SMS Helgoland, the lead ship of her class, was a dreadnought battleship of the German Imperial Navy. (SMS is the German equivalent of the British HMS.) Helgoland's design represented an incremental improvement over the preceding Nassau class, including an increase in the bore diameter of the main guns, from 28 cm (11 in) to 30.5 cm (12 in). Her keel was laid down on 11 November 1908 at the Howaldtswerke shipyards in Kiel. Helgoland was launched on 25 September 1909 and was commissioned on 23 August 1911.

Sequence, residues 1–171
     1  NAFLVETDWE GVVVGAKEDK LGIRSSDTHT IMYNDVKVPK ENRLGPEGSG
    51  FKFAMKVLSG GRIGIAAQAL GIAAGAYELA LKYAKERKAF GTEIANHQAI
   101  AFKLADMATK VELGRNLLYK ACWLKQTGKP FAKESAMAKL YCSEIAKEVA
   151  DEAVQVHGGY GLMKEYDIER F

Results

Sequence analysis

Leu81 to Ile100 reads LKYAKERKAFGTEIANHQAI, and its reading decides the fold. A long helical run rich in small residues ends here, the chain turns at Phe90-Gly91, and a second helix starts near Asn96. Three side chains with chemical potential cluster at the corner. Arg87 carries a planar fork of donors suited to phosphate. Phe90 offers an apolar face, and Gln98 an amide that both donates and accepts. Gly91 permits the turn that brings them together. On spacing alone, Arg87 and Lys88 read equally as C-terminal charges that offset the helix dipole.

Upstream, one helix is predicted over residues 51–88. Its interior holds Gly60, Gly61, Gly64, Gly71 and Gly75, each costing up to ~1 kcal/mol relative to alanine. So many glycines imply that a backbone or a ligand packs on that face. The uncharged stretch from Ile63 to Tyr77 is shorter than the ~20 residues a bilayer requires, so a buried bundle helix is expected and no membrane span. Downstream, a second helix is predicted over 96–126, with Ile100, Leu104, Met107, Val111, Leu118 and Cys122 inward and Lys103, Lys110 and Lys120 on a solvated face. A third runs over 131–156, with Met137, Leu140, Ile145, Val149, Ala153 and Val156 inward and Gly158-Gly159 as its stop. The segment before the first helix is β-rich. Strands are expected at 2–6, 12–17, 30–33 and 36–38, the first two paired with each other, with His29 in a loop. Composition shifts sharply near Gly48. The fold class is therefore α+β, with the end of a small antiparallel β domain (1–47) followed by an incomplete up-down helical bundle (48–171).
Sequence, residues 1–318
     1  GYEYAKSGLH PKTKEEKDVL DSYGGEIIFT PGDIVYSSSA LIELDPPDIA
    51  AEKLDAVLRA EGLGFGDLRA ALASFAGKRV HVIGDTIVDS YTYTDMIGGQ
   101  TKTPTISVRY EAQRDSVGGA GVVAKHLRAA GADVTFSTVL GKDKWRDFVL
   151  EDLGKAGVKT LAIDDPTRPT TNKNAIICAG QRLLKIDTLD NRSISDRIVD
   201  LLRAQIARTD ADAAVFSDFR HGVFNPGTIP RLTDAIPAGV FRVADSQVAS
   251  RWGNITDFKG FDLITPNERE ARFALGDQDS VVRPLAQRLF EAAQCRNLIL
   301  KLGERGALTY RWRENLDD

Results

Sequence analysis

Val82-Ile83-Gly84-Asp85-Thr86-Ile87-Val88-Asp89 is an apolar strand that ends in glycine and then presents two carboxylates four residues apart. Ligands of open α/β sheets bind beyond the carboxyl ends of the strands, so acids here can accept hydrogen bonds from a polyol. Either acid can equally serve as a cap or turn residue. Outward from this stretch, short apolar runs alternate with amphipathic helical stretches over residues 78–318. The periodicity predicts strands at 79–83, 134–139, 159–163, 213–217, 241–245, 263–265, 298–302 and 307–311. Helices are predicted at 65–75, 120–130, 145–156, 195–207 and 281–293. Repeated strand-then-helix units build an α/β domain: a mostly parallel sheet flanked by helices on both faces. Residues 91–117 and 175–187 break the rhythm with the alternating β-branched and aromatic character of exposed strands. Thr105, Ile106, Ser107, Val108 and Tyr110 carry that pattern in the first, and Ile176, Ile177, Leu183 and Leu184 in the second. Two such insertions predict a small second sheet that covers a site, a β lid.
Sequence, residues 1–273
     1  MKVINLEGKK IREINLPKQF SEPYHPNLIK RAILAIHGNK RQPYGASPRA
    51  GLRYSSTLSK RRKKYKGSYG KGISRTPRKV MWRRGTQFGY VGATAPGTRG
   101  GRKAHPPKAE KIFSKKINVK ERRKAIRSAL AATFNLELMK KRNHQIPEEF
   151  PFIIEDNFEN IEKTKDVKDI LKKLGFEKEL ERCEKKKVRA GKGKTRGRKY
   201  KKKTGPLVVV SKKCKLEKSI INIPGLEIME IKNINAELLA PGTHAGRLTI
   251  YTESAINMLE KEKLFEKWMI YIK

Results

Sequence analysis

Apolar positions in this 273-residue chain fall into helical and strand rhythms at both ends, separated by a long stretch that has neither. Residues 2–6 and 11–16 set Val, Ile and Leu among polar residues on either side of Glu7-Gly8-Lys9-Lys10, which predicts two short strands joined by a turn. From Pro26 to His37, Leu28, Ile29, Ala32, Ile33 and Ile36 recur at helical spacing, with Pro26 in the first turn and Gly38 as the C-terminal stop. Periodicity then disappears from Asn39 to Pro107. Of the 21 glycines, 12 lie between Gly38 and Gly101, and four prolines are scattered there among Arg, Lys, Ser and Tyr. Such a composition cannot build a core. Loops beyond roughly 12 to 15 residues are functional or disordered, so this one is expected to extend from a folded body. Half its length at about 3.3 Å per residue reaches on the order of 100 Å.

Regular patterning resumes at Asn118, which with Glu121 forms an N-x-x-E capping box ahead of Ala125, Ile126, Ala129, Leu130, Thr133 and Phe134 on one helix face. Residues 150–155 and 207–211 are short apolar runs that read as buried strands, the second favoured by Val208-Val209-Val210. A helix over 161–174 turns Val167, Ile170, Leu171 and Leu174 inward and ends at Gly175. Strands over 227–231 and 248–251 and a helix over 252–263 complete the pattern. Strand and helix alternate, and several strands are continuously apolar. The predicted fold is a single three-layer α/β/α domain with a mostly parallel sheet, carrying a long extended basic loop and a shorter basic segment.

Like most battleships of the High Seas Fleet, Helgoland saw limited action against Britain's Royal Navy during World War I. The ship participated in several fruitless sweeps into the North Sea as the covering force for the battlecruisers of the I Scouting Group. She saw some limited duty in the Baltic Sea against the Russian Navy, including serving as part of a support force during the Battle of the Gulf of Riga in August 1915. Helgoland was present at the Battle of Jutland on 31 May1 June 1916, though she was located in the center of the German line of battle and not as heavily engaged as the König- and Kaiser-class ships in the lead. At the end of the war, Helgoland was ceded to Great Britain and broken up for scrap in the early 1920s. Her coat of arms is preserved in the Military History Museum of the Bundeswehr in Dresden.